The content category includes the file and directory content data. This section describes where UFS stores file and directory content and how to analyze it.
UFS uses fragments and blocks to store file and directory content. A fragment is a group of consecutive sectors, and a block is a group of consecutive fragments. Every fragment has an address, starting with 0. A block is addressed using the address of the first fragment in the block. The first block and fragment start with the first sector of the file system. The minimum size of a UFS block is 4,096 bytes, and the maximum number of fragments per block is eight. An example of the block and fragment relationship is shown in Figure 16.6 where block 64, which contains fragments 64 to 71, is fully allocated to a file, and fragments 74 and 75 in block 72 are allocated to a file. The other fragments in block 72 can be allocated to other files.
Figure 16.6. Two UFS blocks with 8 fragments in each. One block is allocated, and two fragments of the other are allocated to a file.
The motivation for having two types of data units is to allow files to allocate large amounts of consecutive data while not wasting space in the last block. Investigators frequently utilize the large amounts of wasted slack space at the end of a file, but UFS tries to minimize the amount of wasted space.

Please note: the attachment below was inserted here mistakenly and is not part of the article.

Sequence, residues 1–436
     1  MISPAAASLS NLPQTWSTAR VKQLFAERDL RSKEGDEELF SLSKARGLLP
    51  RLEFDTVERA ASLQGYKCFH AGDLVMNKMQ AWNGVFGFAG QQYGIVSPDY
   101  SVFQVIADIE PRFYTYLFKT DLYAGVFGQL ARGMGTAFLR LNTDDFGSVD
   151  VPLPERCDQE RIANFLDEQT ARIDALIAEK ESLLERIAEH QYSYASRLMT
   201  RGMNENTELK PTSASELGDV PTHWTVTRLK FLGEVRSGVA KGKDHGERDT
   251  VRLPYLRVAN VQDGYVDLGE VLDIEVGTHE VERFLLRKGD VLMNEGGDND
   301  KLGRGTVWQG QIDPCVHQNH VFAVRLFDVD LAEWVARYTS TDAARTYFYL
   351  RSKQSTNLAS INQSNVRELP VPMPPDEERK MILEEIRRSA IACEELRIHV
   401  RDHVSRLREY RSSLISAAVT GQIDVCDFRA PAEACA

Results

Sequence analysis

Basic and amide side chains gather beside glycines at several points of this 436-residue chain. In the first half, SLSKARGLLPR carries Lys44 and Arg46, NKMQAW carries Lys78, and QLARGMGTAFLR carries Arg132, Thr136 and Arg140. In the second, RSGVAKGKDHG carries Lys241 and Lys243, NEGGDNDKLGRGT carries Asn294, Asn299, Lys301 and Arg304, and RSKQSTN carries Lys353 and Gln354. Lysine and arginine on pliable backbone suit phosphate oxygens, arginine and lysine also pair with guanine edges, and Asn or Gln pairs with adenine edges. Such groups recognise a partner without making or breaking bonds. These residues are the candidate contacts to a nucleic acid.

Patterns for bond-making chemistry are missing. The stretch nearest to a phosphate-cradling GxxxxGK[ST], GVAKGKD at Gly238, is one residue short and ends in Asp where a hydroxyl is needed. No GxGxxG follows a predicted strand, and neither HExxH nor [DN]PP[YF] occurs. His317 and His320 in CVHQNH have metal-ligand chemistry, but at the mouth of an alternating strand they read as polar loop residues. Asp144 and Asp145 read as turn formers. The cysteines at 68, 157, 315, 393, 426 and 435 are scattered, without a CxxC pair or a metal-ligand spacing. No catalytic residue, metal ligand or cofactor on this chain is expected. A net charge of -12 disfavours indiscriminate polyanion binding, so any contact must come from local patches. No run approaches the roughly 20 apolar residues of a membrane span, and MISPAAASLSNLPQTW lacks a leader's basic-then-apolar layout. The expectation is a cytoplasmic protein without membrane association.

With UFS, if a file can fill an entire block, it will be allocated a full block. When the final data are being written, only enough fragments for the data are allocated. When the file grows in size and can fill an entire block, it will be moved to one if needed.
Consider an example file system with 8,192 byte blocks and 1,024 byte fragments. A file that is 20,000 bytes in size will need 2 blocks and 4 fragments. This can be seen in Figure 16.7 where the two blocks start in fragments 584 and 592. This can store 16,384 bytes of the file, and the remaining 3,616 bytes are stored in fragments 610 to 613. The first two fragments in this block are used by another file.
Figure 16.7. A 20,000-byte file is stored in two 8,192-byte blocks and four 1,024 byte fragments.
The allocation status of a block or fragment is determined using one of two bitmaps. One has a bit for each fragment, and the other has a bit for each block, and they should contain nearly the same information, but the block bitmap allows the system to more quickly find consecutive blocks when allocating a large file. The UFS bitmaps are opposite of normal bitmaps because they are "free" bitmaps. Therefore, when the bit is 1, the block or fragment is available. If the bit is a 0, the block or fragment is being used.